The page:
Are you one of those dental patients who has a hard time getting through your dental appointments because of dental anxiety? Or does your fear of dentists keep you from visiting the dental office at all? A great sedation dentist can help put your fears at ease. Sedation dentists are trained to reduce or eliminate the dental fear and anxiety that keeps millions from getting the dental treatment they need.
What’s Your Vice?
Sedation dentists practice what’s often called “sleep dentistry,” which covers a broad range of anti-anxiety treatments. Depending on your needs, your dentist may recommend one of the following forms of dental sedation:
Anxiolysis — Minimal sedation puts you in a relaxed state while you remain completely awake and able to communicate with your dentist. Anxiolysis comes in the form of oral sedation or inhaled sedation (nitrous oxide).
Conscious Sedation — With moderate or conscious sedation, you will stay awake but feel tired or groggy. You will still be able to respond to your dentist’s commands but may slur your words and will not be able to drive yourself home after the appointment. Conscious sedation also causes retrograde amnesia, so you won’t remember the dental procedure. Examples of conscious sedation are oral sedation and IV sedation.
Deep Sedation — Deep sedation renders you semi- or totally unconscious and you will not regain consciousness until the drug wears off or is reversed. General anesthesia is the only sedation technique that renders you completely unconscious.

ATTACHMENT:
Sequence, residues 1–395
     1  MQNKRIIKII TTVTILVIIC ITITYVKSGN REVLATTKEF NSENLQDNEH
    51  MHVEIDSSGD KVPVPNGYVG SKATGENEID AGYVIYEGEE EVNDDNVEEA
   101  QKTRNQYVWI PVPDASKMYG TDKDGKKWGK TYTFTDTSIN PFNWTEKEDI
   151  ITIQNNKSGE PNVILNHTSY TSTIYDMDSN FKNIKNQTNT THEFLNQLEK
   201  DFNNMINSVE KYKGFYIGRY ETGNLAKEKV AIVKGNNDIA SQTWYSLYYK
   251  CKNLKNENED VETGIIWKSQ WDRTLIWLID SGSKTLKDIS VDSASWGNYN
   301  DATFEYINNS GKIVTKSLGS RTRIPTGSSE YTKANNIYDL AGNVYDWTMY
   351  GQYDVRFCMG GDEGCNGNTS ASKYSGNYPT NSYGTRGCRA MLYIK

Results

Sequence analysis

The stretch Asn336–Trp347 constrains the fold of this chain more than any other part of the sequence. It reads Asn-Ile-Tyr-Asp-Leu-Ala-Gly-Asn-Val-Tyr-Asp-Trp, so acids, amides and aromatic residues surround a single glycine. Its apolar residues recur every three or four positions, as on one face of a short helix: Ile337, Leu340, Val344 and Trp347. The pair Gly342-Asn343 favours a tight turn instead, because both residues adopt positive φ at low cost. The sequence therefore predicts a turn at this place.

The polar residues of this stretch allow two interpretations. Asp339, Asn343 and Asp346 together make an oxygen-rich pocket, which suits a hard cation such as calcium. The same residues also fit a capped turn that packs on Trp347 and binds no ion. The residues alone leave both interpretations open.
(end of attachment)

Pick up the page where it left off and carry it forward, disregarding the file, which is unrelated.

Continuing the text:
When administered correctly, dental sedation is relatively safe. Your sedation dentist will monitor your response to the sedation drugs during the procedure. Although complications are rare, your dentist should take every precaution to avoid any risks associated with sedation dentistry, including drug interactions and respiratory problems. You’ll need to inform your sedation dentist of your medical history and any medications you’re taking, as well as any drug or alcohol use.
Sedation dentists are highly recommended to keep these safety measures in the office in case of an emergency:
Pulse Oximeter — Your dentist may use one of several types of monitoring devices to check your vital signs throughout the procedure. The pulse oximeter is a simple sensor placed on the tip of your finger to measure your heart rate and the level of oxygen in your blood.
Emergency Respirator — A portable respirator may be necessary if the patient has difficulty breathing on his or her own.
Emergency Drugs — Every dental office should have an emergency drug kit for sedation problems as well as any other medical emergencies.
Choosing a Sedation Dentist
Finding a sedation dentist to meet all of your dental needs is no light issue. Ask your dentist about his or her training and experience in administering dental sedation. Your sedation dentist should discuss how the sedation will affect you and provide guidelines for your recovery.